Appropriations Funding for National Heart, Lung, and Blood Institute Contract HHSN268-2008-00012C With Information Management Services, Inc.
Our review found that during fiscal years 2008 and 2009, NIH's National Heart, Lung, and Blood Institute (NHLBI) did not comply with the time requirements and may not have complied with the amount requirements specified in appropriations statutes in administering contract HHSN268-2008-00012C (the Contract) with Information Management Services, Inc. An agency may obligate appropriations for goods and services when (1) the purpose of the obligation or expenditure is authorized, (2) the obligation occurs within the time limits for which the appropriation is available, and (3) the obligation and expenditure are within the amounts provided by Congress. Federal statutes specify that a fiscal year appropriation may be obligated only to meet a legitimate, or bona fide, need arising in or continuing to exist in the appropriation's period of availability. The Antideficiency Act prohibits an agency from obligating or expending funds in advance of or in excess of an appropriation unless specifically authorized by law.
NHLBI funded only $0.7 million of the $3.4 million Contract obligation with fiscal year 2008 appropriations. NHLBI obligated $0.7 million of fiscal year 2009 appropriated funds in violation of the bona fide needs rule and planned to obligate funds appropriated for future years as well. Because the 2008 Contract was a nonseverable service contract, which represents a single undertaking and provides for a single outcome, NHLBI was required to record the full amount of the Contract using fiscal year 2008 appropriated funds. By not doing so, NHLBI potentially violated the Antideficiency Act. NHLBI complied with the purpose requirements of appropriations statutes.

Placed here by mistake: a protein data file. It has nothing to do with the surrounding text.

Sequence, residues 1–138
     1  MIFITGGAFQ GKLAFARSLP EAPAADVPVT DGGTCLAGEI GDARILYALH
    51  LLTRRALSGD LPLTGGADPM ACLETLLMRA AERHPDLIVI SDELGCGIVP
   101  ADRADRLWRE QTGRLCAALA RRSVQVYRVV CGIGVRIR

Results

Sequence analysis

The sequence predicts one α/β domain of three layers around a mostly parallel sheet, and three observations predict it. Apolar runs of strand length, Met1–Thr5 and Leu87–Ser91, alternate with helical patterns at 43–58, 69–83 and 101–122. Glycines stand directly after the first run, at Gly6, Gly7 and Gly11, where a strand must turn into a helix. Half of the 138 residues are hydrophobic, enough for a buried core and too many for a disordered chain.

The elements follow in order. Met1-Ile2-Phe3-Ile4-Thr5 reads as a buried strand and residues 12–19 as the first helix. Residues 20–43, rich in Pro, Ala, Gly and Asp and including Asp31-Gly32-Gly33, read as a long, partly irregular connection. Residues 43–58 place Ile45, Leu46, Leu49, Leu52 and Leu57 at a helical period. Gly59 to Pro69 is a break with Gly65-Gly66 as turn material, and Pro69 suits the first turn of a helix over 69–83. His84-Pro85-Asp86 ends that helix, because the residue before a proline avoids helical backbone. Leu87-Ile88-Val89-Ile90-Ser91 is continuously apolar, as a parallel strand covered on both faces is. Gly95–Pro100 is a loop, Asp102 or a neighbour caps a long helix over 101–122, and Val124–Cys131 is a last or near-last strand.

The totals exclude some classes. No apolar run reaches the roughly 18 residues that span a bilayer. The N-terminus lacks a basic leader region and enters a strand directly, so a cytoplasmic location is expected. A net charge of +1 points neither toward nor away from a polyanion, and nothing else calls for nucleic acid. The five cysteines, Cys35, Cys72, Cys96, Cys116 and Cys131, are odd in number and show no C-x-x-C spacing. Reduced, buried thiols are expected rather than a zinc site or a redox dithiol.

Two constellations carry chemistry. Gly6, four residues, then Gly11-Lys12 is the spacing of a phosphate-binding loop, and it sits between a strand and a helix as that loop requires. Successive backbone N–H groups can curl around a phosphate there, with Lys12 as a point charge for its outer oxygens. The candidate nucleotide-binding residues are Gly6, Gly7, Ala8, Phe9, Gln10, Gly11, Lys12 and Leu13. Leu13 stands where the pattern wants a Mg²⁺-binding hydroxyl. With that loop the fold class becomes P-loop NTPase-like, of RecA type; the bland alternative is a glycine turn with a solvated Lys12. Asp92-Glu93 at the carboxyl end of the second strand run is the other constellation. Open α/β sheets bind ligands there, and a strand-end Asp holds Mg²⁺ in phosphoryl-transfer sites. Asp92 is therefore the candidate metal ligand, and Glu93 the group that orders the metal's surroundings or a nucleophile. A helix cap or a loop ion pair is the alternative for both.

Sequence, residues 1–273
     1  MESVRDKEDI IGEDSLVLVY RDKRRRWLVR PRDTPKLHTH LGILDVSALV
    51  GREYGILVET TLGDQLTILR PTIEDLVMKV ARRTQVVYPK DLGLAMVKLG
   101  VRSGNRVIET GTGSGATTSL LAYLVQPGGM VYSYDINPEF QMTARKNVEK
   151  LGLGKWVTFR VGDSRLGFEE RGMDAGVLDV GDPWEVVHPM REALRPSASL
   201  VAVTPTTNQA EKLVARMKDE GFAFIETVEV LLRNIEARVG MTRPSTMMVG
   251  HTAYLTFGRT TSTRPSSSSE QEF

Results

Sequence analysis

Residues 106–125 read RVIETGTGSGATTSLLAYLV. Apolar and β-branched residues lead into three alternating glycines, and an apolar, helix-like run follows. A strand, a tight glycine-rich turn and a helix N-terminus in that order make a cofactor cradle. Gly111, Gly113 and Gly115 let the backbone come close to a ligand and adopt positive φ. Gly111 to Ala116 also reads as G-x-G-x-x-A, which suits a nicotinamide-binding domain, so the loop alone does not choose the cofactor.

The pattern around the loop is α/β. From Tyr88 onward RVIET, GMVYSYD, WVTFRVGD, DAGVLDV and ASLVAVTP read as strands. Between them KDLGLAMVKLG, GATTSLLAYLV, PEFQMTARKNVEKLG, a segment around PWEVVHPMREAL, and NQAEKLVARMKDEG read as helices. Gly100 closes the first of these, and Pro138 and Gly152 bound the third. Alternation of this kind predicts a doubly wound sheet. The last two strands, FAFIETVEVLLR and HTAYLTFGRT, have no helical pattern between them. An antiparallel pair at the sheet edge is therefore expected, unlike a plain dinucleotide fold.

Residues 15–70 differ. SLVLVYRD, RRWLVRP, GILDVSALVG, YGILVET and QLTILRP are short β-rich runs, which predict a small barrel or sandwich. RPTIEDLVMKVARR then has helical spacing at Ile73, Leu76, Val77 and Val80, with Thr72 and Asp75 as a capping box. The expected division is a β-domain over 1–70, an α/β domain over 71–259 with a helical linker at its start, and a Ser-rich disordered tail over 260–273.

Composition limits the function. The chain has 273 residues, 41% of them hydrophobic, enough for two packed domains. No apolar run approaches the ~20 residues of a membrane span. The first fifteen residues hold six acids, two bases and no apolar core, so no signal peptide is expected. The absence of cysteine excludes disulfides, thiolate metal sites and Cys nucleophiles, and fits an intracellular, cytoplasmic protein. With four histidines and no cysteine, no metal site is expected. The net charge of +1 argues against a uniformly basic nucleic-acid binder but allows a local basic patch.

We recommended that NHLBI (1) record the remaining $2.7 million of the $3.4 million Contract obligation against fiscal year 2008 funds and deobligate funds appropriated for years other than fiscal year 2008 and (2) report an Antideficiency Act violation if fiscal year 2008 funds are not available. NIH concurred with our findings and recommendations.
Filed under: Center for Medicare and Medicaid Services